Low level toxins at Port of Mackay
Feb 23 2018
OXIC chemicals detected in water around Mackay Harbour pose a “low risk”, according to the port authority.
Testing, done in November but not publicly reported until this week, revealed low concentrations of the chemical, known as per- and poly-fluoroalkyl substances (PFAS), in the Port of Mackay’s ground and surface waters.
Acting CEO of North Queensland Bulk Ports Brendan Webb said initial results indicated the levels were “low”, and decreasing as groundwater moved away from the Port, and were below the drinking and recreational values close to the boundary of the port.
He added: “Importantly, no groundwater at the Port is used for human consumption or recreational purposes.”
No restrictions have been placed on the consumption of seafood caught in the area. But it isn’t clear what levels the chemicals were occurring at, nor where they might have come from.
Mr Webb said it was “likely the results are related to the historical use of firefighting foam containing these substances”, rather than there being any evidence to suggest it had been caused by a recent incident.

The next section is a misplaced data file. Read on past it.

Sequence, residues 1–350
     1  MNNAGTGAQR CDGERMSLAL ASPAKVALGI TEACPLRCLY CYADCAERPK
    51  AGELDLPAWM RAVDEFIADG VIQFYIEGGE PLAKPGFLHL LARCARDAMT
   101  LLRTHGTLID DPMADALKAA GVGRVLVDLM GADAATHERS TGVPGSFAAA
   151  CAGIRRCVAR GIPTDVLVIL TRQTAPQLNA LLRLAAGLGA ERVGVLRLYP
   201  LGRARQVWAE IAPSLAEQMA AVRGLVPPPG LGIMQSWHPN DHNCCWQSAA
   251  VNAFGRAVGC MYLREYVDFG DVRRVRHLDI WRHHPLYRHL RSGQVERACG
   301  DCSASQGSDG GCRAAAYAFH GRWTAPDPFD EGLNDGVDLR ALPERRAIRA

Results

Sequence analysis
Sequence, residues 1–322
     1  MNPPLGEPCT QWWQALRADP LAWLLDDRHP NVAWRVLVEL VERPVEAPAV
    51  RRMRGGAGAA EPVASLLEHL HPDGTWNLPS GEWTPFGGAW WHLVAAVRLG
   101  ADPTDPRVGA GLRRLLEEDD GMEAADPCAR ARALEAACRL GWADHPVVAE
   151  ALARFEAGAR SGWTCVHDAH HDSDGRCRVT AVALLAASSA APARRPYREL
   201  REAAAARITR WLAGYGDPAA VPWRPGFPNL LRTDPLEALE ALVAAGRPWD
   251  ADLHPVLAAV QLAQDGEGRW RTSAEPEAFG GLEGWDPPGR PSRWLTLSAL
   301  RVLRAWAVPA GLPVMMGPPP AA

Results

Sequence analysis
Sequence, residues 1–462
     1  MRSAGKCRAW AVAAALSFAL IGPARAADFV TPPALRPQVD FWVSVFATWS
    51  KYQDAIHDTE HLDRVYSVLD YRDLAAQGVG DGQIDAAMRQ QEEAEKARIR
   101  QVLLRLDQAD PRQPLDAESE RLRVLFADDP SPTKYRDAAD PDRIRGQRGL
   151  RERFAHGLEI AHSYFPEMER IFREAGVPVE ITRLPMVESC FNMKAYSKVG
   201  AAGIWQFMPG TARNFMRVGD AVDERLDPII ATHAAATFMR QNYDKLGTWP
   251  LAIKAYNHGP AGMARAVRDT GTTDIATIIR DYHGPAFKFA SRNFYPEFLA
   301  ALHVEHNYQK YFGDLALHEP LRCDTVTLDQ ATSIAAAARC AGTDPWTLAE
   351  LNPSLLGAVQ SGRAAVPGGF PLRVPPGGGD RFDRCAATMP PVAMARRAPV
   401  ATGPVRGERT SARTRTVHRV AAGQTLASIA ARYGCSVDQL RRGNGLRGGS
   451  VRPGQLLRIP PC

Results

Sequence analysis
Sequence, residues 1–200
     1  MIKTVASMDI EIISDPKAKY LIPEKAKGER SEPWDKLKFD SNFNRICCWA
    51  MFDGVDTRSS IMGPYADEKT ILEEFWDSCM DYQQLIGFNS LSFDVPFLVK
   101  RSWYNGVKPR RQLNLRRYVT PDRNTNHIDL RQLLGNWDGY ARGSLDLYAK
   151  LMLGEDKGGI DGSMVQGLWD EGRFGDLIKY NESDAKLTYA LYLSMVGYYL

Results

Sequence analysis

In July 2016, the Queensland Department of Environment and Heritage Protection introduced a policy to ban the use of the firefighting foams containing these chemicals, and also phase out its use.
It said the chemicals were known to present a threat to ‘human health and environmental values’.
The policy focus was specifically on industrial sites that hold large stocks of the firefighting foam for emergency situations, citing industrial ports and bulk fuel storage facilities.
A voluntary survey in 2017 issued to determine the status of PFAS firefighting foam stocks in Queensland found six reported sites in Mackay with existing firefighting foam stocks.
Government and independent experts plan further testing.
PFAS site investigations
The following ports have notified the Queensland Government that elevated PFAS levels have been detected on site, requiring further monitoring or investigation. For more information, visit the individual port website links below (and search ‘PFAS’ from the home page):